2001 World Series
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Welcome to the club

Soriano joins Yankees' long list of clutch performers

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Posted: Friday November 02, 2001 3:25 AM
Updated: Friday November 02, 2001 4:19 AM
  Alfonso Soriano Alfonso Soriano took this Albie Lopez pitch to the opposite field for the game-winning hit. AP

By Stephen Cannella, Sports Illustrated

NEW YORK -- It's seems impossible to believe now, but for a time during spring training, Alfonso Soriano appeared more likely to be a minor leaguer than a member of the Yankees this season.

It was a matter of roster space, not talent. Soriano was a blue-chip shortstop prospect, the player that every team that talked trade with the Yankees inquired after. Of course, with Derek Jeter, the Yankees were set at short, so Joe Torre shuttled Soriano around the field during camp to see if he could keep the rookie on the roster as a utility player.

"If things don't work out here I want to play shortstop somewhere else," Soriano said in March. "But I really want to be part of this team at any position."

Aren't the Yankees glad they found a spot for him. Soriano spent a few weeks in camp playing left field (he borrowed an outfielder's glove from Scott Brosius to play a position he'd never tried before). Then it became clear that Chuck Knoblauch's throwing yips would keep him from playing second base, and Soriano found his place. That's where the 22-year-old Dominican was on Opening Day, and that's where he was in the 11th inning of Game 5 on Thursday night.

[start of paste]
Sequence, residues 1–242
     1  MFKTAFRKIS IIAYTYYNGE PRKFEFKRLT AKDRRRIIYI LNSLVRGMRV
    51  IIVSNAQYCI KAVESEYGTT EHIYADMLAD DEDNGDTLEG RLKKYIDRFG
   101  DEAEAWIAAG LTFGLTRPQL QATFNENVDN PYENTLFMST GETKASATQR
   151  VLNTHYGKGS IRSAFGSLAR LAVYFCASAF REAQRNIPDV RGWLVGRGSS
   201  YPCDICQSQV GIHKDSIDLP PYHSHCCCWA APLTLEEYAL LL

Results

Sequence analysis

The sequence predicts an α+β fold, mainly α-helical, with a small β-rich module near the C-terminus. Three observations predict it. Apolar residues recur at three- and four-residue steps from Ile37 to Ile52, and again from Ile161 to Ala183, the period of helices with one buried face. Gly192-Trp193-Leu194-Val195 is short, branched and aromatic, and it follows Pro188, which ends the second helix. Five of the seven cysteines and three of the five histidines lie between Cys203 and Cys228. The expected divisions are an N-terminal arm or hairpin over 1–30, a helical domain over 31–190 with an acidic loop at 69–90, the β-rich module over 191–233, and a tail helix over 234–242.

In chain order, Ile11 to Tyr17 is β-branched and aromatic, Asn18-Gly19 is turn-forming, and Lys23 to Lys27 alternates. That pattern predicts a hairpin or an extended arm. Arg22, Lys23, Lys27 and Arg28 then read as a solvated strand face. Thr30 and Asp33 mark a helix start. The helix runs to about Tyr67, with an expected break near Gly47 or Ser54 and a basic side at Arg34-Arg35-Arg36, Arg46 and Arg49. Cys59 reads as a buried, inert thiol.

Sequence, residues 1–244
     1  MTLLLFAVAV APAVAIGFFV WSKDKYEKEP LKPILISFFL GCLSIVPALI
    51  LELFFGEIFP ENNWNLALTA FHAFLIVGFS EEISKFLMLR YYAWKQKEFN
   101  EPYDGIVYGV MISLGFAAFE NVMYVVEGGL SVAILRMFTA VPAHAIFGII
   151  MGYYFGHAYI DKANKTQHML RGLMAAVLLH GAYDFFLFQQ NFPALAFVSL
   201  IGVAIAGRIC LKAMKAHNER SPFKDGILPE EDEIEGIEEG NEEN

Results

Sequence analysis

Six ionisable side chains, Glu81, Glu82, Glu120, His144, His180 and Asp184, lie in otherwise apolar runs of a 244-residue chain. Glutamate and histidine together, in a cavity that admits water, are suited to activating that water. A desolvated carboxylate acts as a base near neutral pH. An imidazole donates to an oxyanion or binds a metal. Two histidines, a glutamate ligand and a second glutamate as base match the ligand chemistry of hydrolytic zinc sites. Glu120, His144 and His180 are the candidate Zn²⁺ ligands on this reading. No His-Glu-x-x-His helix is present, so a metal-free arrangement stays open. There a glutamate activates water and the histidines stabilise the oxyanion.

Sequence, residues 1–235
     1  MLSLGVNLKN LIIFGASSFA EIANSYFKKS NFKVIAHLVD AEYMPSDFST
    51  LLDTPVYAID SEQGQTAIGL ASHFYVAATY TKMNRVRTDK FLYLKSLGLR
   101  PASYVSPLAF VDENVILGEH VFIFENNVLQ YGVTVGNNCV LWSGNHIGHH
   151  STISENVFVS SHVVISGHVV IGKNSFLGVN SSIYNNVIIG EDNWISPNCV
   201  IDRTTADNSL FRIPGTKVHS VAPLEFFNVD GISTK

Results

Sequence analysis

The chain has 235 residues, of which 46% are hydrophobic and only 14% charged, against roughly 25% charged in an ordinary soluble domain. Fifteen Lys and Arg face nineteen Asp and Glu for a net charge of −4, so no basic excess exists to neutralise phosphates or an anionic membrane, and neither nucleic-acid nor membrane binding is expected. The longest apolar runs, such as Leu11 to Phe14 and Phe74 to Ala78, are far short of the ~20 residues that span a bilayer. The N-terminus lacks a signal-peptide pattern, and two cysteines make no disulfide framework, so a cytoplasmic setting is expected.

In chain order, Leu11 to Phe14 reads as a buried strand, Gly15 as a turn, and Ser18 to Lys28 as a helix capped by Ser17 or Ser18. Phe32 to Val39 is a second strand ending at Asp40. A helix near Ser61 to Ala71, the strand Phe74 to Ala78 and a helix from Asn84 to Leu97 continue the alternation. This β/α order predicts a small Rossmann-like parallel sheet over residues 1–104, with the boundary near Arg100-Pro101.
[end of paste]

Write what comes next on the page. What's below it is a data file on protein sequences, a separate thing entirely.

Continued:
The Diamondbacks had loaded the bases with one out against Yankees closer Mariano Rivera, and Reggie Sanders hit a soft line drive up the middle. Soriano dove and, fully extended, made a backhanded catch, robbing Sanders of a base hit and Arizona of the lead.

Soriano's application for membership in the Yankees' pantheon of World Series heroes was completed when he stuck the landing on that diving catch. It was approved in the bottom of the 12th inning, when he poked a single into right field to drive in the winning run in a 3-2 game that left even the most jaded New York personnel shaking their heads.

The Yankees outdid themselves with their dramatic victory in Game 4. They surpassed that level of heroism in Game 5. "It's Groundhog Day," said Torre. "I said I didn't know [what to say] last night so it's just double that. This is the most incredible couple of games I've ever managed."

"I never thought that would ever happen again," said Soriano. "It felt like an out-of-body experience, like we're here but we're not here."

He's a rookie, but this October, Soriano has been playing like he's been here before. There was his game-winning, walkoff home run in Game 4 of the ALCS against the Mariners. He has played solid defense throughout the World Series -- in Game 4, he and Jeter turned a couple of key double plays. He says he finally felt comfortable as a second baseman in the second half of the season, and in this Series he has looked like he's played there all of his life.

After Game 5, he even sat in front of his locker and demonstrated to reporters how he slid his glove up his palm toward his fingertips when he dove for Sanders' liner to extend his reach.

The trick worked: The ball hit the edge of Soriano's glove and settled into the webbing.

Soriano's game-winning hit was yet another sign that he's a worthy torchbearer for the Yankees tradition of postseason heroics. Earlier this week, Torre said Soriano's presence and cool demeanor reminded him of Jeter as a rookie. After Game 5, he raved about Soriano's approach at the plate in a big-pressure spot.

"For a kid with limited experience, he knows situations and is really, really good at hitting according to situations," Torre said. "The ball looked like it was inside, and he inside-outed it to get it into right field."

All week the Diamondbacks have pooh-poohed questions about the Yankees' mystique and aura, insisting that the Bronx Bombers win because they have great players. Whether New York wins this Series or not, Soriano has demonstrated that he's next in line in the category.


 
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